"In recent times, the idealized view of legislatures as deliberative bodies is contradicted by the induction of un-Parliamentary practices whereby, they tend to become sites for adversarial combat," he said, addressing a special sitting of the Kerala Legislative Assembly as part of the 125th anniversary of legislative bodies of the state. (Agencies)
"The hallmark of an effective legislator is now seen to be an ability to shout and disrupt proceedings, preferably from the well of the House," he said.
Ansari said that an effort should be made to appreciate that excitability, decibel intensity and verbosity did not add to the strength of the argument or the dignity of Legislature.
The annual average of sittings of both Lok Sabha and Rajya Sabha had declined over the decades. While the average of sittings of the Lok Sabha was 124.2 and Rajya Sabha 90.5 during 1952-61, it steadily declined to 70.3 and 69.6 in 2002-11, he said.
Record of many decades also showed that the notional time allocation was different from the time actually utilized for conduct of business.
"The reason for this is that uniquely Indian contribution to parliamentary practice is known as disruption. It has been a source of concern for many years now and is inviting public ire," he said.
Ansari said that the disruptions were taking place with the knowledge and at the instance of political parties and their leadership to attract public attention, force the executive to undertake the course of action proposed by them and to demonstrate their ability to logjam the functioning of the Legislature.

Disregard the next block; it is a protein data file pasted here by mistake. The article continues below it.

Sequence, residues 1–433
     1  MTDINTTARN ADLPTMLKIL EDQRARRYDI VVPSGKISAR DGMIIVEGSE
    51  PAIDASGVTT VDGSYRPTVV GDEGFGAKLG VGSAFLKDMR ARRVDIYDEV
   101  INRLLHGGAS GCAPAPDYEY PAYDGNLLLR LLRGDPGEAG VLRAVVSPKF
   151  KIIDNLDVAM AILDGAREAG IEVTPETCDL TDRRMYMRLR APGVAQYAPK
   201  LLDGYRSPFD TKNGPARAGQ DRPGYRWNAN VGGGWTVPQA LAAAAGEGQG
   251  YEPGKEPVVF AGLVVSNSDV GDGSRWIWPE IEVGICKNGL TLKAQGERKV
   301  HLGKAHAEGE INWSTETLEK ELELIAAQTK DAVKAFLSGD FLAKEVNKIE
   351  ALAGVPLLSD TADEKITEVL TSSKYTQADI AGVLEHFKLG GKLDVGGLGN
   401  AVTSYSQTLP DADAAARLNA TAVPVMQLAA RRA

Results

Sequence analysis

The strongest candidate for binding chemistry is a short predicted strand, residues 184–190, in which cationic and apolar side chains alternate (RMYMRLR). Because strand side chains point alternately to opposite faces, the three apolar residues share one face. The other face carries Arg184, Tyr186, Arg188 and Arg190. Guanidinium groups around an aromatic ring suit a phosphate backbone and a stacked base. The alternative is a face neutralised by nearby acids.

"The unfortunate reality today is that the rules of procedure are being violated brazenly and with impunity. Forgotten is the simple truth that rules are to be observed, not discarded or subverted," the Vice-President said.
Ansari said that democracy in India, which had taken deep roots and succeeded against considerable odds, had been described as a political miracle. "This is a tribute to the
wisdom and maturity of our people."
However, he said, the experience of 15 general elections had shed light on some systemic and procedural deficiencies in our system, relating to the `First-Past-the Post' system in the Constitution in which a successful candidate was required to obtain not a majority but a plurality of votes cast.
A multiplicity of candidates and absence of obligatory voting often results in successful candidates being electorally endorsed by no more than a quarter or a third of the electorate, he said.
"The electoral arithmetic of this system encourages candidates to focus on securing votes of a segment of the electorate and thereby accentuate or reinforce social divisions based on narrower considerations," he said.
The Venkatachaliah Commission had looked into some aspect of the matter and recommended that the option of `50+1' should be explored, which was yet to be done, he said.
Praising Kerala's impressive record of progressive legislations and achievements in the fields of education and health, Ansari said that the state could be looked upto as a model in many areas of national activity.
"In recent times, the idealized view of legislatures as deliberative bodies is contradicted by the induction of un-Parliamentary practices whereby, they tend to become sites for adversarial combat," he said, addressing a special sitting of the Kerala Legislative Assembly as part of the 125th anniversary of legislative bodies of the state.